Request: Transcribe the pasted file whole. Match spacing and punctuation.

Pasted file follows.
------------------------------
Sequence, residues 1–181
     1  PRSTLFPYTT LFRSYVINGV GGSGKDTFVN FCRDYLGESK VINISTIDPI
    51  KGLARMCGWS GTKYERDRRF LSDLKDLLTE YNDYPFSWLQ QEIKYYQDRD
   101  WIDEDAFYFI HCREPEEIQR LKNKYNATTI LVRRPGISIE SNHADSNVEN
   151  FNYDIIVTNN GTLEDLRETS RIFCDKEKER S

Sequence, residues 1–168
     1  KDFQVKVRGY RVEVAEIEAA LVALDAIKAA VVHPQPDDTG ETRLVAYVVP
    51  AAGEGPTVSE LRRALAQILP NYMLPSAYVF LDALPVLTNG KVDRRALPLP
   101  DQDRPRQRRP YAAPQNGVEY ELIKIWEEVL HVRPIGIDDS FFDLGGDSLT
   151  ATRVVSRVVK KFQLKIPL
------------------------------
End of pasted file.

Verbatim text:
Sequence, residues 1–181
     1  PRSTLFPYTT LFRSYVINGV GGSGKDTFVN FCRDYLGESK VINISTIDPI
    51  KGLARMCGWS GTKYERDRRF LSDLKDLLTE YNDYPFSWLQ QEIKYYQDRD
   101  WIDEDAFYFI HCREPEEIQR LKNKYNATTI LVRRPGISIE SNHADSNVEN
   151  FNYDIIVTNN GTLEDLRETS RIFCDKEKER S

Sequence, residues 1–168
     1  KDFQVKVRGY RVEVAEIEAA LVALDAIKAA VVHPQPDDTG ETRLVAYVVP
    51  AAGEGPTVSE LRRALAQILP NYMLPSAYVF LDALPVLTNG KVDRRALPLP
   101  DQDRPRQRRP YAAPQNGVEY ELIKIWEEVL HVRPIGIDDS FFDLGGDSLT
   151  ATRVVSRVVK KFQLKIPL